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I gasped loudly in the silence of our sleeping house. She wouldn’t trade it for the world? Angry and offended, I sat upright in the chair, startling Reid. How could she say that? She, who because her name and face is recognizable, has a ready platform for diabetic women wanting to hear her message. How could she minimize the awfulness of this disease? And why was our society so desperate to hear only happy endings, why are we unable to confront the ugliness in life? Fired up, I wanted to know why society only wanted to hear from the pageant winners of the world.
For 25 years I avoided diabetes support groups. When I was a kid I refused to go to any kind of diabetes camp because I didn’t want anyone to see me prick my finger, to smell the alcohol swipe as I wiped my thigh before piercing it with a syringe, to see the red drop of blood. I didn’t want anyone to see me stumble or slur my words when my blood sugar was low. The shame persisted and as an adult when I heard about local diabetes walks, I made other plans.
Unable to fall asleep, I wonder what having a child with diabetes was like from Mom’s point of view. I wonder how my diagnosis changed the way she’d mothered me over the years. Here she was in bed beside me for an entire week. Whose mother still did those things for her thirty-nine year old daughter?
The closer I got to home, the worse I felt. It was becoming hard to pick my feet up off the ground; they shuffled and dragged along the pavement like the scarecrow from the Wizard of Oz when the monkeys took his straw. I tightened my grasp on the handlebar of the jogger with both hands, afraid to let go. Pushing it out in front of me, I leaned forward and knew that I resembled my grandfather pushing his walker. I stared at the last stretch of sidewalk. We’re almost there, I said to Reid. I can make it. My vision began to blur and flash. I couldn’t see my feet. Almost there. I stopped the jogger at our front door and began to cry with relief. Leaving Reid in the jogger, scared to lift him, I pushed open the kitchen door, opened the fridge, and guzzled orange juice from the carton. My hands shook and the juice spilled out of the corners of my mouth and down my shirt. Slowly, I could see.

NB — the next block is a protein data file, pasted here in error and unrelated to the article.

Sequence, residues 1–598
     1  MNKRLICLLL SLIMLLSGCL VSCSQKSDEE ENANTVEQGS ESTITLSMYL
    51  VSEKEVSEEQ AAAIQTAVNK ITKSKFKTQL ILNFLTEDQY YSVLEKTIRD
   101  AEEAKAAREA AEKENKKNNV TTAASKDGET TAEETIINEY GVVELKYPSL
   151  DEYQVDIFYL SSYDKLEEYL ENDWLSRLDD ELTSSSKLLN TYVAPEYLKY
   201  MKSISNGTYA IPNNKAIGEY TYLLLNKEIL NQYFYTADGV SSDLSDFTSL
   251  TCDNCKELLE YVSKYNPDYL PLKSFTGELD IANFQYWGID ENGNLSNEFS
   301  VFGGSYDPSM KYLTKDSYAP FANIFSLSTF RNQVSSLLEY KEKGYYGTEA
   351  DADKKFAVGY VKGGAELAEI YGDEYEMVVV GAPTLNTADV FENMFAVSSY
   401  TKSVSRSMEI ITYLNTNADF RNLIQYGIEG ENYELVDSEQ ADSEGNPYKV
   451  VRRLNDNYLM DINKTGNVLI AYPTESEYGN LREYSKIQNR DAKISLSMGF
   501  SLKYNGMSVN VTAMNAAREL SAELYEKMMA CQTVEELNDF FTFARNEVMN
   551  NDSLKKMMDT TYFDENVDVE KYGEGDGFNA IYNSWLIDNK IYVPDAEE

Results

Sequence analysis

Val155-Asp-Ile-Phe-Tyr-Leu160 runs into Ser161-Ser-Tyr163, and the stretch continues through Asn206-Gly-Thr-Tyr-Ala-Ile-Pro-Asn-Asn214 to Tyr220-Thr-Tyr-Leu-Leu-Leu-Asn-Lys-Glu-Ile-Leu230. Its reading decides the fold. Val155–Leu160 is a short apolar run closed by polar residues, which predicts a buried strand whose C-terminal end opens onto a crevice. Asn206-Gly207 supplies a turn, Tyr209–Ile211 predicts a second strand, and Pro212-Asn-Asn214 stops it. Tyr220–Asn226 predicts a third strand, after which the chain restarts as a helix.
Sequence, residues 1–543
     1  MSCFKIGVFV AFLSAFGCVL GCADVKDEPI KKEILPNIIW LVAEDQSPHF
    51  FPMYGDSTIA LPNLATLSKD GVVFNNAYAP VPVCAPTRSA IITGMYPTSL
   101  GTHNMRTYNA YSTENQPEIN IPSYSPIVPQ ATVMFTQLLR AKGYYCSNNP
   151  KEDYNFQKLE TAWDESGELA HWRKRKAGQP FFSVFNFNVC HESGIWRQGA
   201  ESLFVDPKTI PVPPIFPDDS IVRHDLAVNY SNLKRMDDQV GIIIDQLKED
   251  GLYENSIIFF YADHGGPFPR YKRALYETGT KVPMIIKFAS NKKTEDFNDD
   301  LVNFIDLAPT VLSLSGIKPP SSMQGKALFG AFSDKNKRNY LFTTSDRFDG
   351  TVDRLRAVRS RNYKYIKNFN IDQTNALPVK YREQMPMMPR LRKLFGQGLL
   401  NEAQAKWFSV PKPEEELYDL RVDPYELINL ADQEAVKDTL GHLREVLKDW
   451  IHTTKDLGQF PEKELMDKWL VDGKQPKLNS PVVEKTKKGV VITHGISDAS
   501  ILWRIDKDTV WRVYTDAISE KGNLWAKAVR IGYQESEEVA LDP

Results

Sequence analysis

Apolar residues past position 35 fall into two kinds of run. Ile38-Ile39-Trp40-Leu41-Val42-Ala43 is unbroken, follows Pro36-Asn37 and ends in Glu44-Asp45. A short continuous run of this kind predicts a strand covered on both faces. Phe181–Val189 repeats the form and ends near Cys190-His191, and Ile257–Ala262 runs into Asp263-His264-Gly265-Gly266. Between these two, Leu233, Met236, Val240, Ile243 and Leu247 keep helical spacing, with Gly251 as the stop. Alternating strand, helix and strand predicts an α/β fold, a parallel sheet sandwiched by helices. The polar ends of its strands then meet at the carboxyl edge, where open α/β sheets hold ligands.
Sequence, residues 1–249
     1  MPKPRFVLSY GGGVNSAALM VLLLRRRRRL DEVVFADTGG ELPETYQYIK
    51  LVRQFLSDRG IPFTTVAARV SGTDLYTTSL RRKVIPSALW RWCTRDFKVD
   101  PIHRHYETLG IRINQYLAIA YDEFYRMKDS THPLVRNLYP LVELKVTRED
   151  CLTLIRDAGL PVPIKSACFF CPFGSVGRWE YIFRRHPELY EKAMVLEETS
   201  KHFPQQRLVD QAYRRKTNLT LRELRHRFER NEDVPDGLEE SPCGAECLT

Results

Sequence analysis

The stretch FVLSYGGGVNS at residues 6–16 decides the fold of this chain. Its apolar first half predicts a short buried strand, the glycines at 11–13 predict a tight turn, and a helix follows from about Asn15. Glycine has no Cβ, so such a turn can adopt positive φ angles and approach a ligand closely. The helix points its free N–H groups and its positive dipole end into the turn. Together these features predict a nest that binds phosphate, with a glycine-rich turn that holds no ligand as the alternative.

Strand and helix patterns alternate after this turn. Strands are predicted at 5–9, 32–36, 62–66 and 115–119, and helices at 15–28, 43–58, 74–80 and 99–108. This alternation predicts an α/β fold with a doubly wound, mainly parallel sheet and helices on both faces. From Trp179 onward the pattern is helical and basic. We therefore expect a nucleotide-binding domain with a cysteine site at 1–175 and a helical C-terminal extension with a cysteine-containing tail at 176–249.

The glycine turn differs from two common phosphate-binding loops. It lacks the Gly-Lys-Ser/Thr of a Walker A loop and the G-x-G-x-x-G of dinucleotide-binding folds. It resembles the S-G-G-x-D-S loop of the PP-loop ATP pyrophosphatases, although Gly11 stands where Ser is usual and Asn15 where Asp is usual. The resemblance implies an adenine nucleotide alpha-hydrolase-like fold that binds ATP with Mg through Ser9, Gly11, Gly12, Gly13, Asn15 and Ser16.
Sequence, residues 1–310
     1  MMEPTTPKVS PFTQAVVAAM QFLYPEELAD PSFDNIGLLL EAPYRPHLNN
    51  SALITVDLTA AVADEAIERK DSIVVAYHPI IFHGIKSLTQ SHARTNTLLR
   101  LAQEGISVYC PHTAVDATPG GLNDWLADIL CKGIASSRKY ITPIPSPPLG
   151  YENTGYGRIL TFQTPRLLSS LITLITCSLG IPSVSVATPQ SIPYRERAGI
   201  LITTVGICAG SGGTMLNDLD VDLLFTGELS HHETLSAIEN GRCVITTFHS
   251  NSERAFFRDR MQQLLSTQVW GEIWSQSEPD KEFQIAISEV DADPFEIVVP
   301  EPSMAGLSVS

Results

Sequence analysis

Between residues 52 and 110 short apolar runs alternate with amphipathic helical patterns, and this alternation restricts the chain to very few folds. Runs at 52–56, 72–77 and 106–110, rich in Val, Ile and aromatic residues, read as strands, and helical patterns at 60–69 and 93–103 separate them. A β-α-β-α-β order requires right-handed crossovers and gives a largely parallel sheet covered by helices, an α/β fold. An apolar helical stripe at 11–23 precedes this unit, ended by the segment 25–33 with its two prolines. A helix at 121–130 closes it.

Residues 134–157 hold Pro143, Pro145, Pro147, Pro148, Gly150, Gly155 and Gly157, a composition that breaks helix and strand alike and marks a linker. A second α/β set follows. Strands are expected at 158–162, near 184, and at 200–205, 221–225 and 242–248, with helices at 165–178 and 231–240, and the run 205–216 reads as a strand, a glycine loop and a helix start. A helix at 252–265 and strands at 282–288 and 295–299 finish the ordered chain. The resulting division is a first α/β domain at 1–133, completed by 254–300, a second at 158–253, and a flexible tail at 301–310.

My children’s birth stories are different. I did not experience the surprise of my water breaking naturally, or the surge of nervous excitement that follows. I did not count contractions. With our first son, my water was broken in the hospital and my labor was induced with pitocin. After hours of pushing and vacuuming and forceps, I was rushed into surgery and our baby was finally cut from me.
Will began struggling with worries in kindergarten. His throat hurt and he worried that he wouldn’t be able to swallow at school. I tried to explain to him that his throat was tight because he was worried, but it didn’t help. He began to carry his water bottle everywhere. He worried about mascots and couldn’t go to baseball games or Chuck E. Cheese birthday parties. I had to force him to go to school, picking him up and carrying him into the car most mornings, handing him off to his teacher and driving away from his cries, shaking. His worries seemed to come out of nowhere, though he had always been a shy child, a toddler who preferred to stay by my side. Like the type 1 diabetes I was diagnosed with at 14 years old, no one could pinpoint the origin of his anxiety. We just knew that one day he was pretty okay, and the next he was not.